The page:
Dynasty syndrome: Lalu chosen as RJD chief for 9th time


Patna: Lalu Prasad was on Sunday formally elected the Rashtriya Janata Dal national president for the ninth consecutive term.

The re-election of the former railway minister for another three-year term was a foregone conclusion since he was the only candidate in the fray for the top party post.

“Lalu Prasad has been formally elected the RJD national president for the ninth consecutive time,” party’s national election officer Jagdanand Singh said.

The formal voting to elect Lalu Prasad, 67, was held at the party’s national council meeting here, with more than 700 delegates from 24 states attending.

Lalu Prasad, who filed his nomination papers at the RJD state headquarters here on January 8, has been the RJD chief since the party’s formation on July 5, 1997, after a split in the Janata Dal.

Soon after his re-election, hundreds of party leaders and workers garlanded the former chief minister and presented flowers to him amid slogan-shouting.

After his re-election, Lalu Prasad said the RJD will play an important role in uniting like-minded parties on one platform to end the “misrule” of the Narendra Modi government at the Centre.

Earlier, the RJD chief — a former Bihar chief minister — reached the meeting venue at S.K. Memorial Hall here along with his wife Rabri Devi and sons Tejaswi Yadav and Tej Pratap and RJD state president Ram Chandra Purbey besides scores of other senior leaders.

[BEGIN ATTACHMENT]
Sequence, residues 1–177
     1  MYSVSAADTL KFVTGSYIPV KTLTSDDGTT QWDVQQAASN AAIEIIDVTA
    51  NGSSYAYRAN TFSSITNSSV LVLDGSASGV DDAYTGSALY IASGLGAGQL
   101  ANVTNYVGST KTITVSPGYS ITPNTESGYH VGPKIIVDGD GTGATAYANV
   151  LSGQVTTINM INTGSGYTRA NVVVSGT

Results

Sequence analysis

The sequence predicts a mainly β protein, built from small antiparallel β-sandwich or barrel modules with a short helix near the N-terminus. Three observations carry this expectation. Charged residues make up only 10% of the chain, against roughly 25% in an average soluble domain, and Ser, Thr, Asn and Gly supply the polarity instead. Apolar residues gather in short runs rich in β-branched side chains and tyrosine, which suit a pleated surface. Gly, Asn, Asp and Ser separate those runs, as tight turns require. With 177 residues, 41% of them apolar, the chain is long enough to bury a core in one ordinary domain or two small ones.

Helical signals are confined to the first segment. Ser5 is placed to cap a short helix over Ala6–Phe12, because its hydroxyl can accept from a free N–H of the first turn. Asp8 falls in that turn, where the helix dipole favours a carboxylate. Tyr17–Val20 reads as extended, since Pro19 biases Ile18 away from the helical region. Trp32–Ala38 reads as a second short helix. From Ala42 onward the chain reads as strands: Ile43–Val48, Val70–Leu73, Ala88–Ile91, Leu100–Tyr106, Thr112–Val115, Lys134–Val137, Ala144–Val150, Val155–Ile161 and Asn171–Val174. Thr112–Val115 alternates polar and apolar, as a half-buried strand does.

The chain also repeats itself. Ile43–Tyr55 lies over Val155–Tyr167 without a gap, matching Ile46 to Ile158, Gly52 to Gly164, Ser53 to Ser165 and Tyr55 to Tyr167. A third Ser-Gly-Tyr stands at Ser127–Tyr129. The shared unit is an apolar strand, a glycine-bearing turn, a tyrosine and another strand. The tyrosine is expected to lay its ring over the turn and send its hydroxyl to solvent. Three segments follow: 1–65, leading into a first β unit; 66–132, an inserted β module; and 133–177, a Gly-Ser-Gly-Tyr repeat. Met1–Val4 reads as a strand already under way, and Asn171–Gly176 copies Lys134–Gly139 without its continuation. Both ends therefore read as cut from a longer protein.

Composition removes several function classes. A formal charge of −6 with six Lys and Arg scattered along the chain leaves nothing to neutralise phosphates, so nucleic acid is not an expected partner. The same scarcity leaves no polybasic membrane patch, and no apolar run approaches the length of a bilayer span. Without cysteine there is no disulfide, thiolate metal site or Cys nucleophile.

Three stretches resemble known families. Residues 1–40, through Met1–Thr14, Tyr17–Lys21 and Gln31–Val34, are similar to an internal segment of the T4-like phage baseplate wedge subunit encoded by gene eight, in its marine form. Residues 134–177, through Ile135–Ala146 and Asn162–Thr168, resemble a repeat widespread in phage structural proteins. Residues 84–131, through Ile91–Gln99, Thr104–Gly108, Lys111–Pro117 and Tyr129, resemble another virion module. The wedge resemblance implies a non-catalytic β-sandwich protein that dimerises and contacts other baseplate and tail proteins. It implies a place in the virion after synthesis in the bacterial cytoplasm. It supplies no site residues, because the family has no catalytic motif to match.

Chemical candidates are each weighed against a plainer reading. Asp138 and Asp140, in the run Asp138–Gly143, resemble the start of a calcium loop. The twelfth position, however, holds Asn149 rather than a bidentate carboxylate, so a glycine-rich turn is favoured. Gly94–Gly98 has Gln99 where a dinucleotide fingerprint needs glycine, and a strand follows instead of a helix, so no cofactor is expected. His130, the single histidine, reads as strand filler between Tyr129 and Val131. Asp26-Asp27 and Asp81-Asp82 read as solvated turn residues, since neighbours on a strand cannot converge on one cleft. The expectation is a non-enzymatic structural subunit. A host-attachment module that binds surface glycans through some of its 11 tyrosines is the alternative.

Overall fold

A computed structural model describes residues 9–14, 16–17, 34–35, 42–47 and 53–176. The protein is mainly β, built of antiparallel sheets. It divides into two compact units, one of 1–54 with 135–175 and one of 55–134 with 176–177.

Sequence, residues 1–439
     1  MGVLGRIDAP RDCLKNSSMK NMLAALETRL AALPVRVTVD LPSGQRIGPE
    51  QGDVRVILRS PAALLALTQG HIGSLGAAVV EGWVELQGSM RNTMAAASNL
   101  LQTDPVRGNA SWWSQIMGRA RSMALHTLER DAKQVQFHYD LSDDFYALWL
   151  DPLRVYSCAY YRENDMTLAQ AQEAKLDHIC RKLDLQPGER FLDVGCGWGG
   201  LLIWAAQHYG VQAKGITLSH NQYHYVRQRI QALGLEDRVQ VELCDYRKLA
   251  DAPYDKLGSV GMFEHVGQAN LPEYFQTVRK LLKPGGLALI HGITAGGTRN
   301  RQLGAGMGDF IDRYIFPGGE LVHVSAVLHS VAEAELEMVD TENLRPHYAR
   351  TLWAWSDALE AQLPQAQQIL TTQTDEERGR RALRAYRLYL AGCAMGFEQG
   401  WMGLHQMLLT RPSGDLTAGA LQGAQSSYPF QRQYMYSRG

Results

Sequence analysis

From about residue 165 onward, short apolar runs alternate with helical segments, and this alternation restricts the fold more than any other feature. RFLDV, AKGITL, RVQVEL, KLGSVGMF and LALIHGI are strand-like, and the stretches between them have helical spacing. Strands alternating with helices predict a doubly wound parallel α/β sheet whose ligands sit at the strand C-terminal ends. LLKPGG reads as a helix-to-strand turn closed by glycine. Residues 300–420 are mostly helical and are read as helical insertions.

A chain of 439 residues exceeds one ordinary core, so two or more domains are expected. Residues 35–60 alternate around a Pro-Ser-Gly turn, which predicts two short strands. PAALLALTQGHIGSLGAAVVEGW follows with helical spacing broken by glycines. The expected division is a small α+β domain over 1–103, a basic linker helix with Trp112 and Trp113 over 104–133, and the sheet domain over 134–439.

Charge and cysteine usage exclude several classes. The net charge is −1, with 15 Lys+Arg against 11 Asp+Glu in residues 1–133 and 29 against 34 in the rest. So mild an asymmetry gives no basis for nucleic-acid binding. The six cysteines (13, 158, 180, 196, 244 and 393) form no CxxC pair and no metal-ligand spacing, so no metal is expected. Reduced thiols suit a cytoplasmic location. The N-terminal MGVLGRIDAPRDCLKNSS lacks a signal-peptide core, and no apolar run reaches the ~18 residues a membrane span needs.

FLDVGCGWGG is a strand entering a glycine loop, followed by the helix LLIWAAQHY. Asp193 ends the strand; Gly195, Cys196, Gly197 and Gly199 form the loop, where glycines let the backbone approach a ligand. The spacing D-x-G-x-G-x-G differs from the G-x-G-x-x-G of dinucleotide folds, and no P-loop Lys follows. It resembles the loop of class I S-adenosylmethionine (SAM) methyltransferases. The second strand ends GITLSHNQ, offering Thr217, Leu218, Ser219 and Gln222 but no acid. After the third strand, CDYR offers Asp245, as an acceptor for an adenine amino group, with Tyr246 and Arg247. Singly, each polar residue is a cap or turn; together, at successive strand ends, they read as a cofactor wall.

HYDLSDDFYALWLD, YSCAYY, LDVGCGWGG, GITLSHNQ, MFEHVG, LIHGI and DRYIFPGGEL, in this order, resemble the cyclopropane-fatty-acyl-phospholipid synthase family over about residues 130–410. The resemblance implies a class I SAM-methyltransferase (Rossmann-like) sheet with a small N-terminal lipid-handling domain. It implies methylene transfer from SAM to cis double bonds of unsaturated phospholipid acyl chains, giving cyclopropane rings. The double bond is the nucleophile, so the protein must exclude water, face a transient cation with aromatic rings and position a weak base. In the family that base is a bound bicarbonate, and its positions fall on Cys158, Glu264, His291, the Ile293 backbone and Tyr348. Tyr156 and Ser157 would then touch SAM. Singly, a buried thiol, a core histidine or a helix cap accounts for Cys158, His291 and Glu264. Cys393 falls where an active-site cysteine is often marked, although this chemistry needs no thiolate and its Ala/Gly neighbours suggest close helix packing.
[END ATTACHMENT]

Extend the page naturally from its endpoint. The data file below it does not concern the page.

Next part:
The RJD won 80 of the 243 seats in the Bihar assembly to emerge as the single-largest party after the November 2015 polls.

NewsGram view

Lalu’s re-election as the RJD president is hardly a surprise for anyone. Dynasty politics is a one of the most ingrained, yet undesirable realities of our country. From running the government by appointing his wife as the Chief Minister to being the ‘super CM’ in the present Government, Lalu has ensured that he controls the state without being a part of the government. From Bihar to Punjab and UP, dynasty politics has overpowered the merit and put the state in shambles. Unless the Election Commission ensures internal democracy within the political parties, a robust democracy where merit triumphs all would remain a distant dream.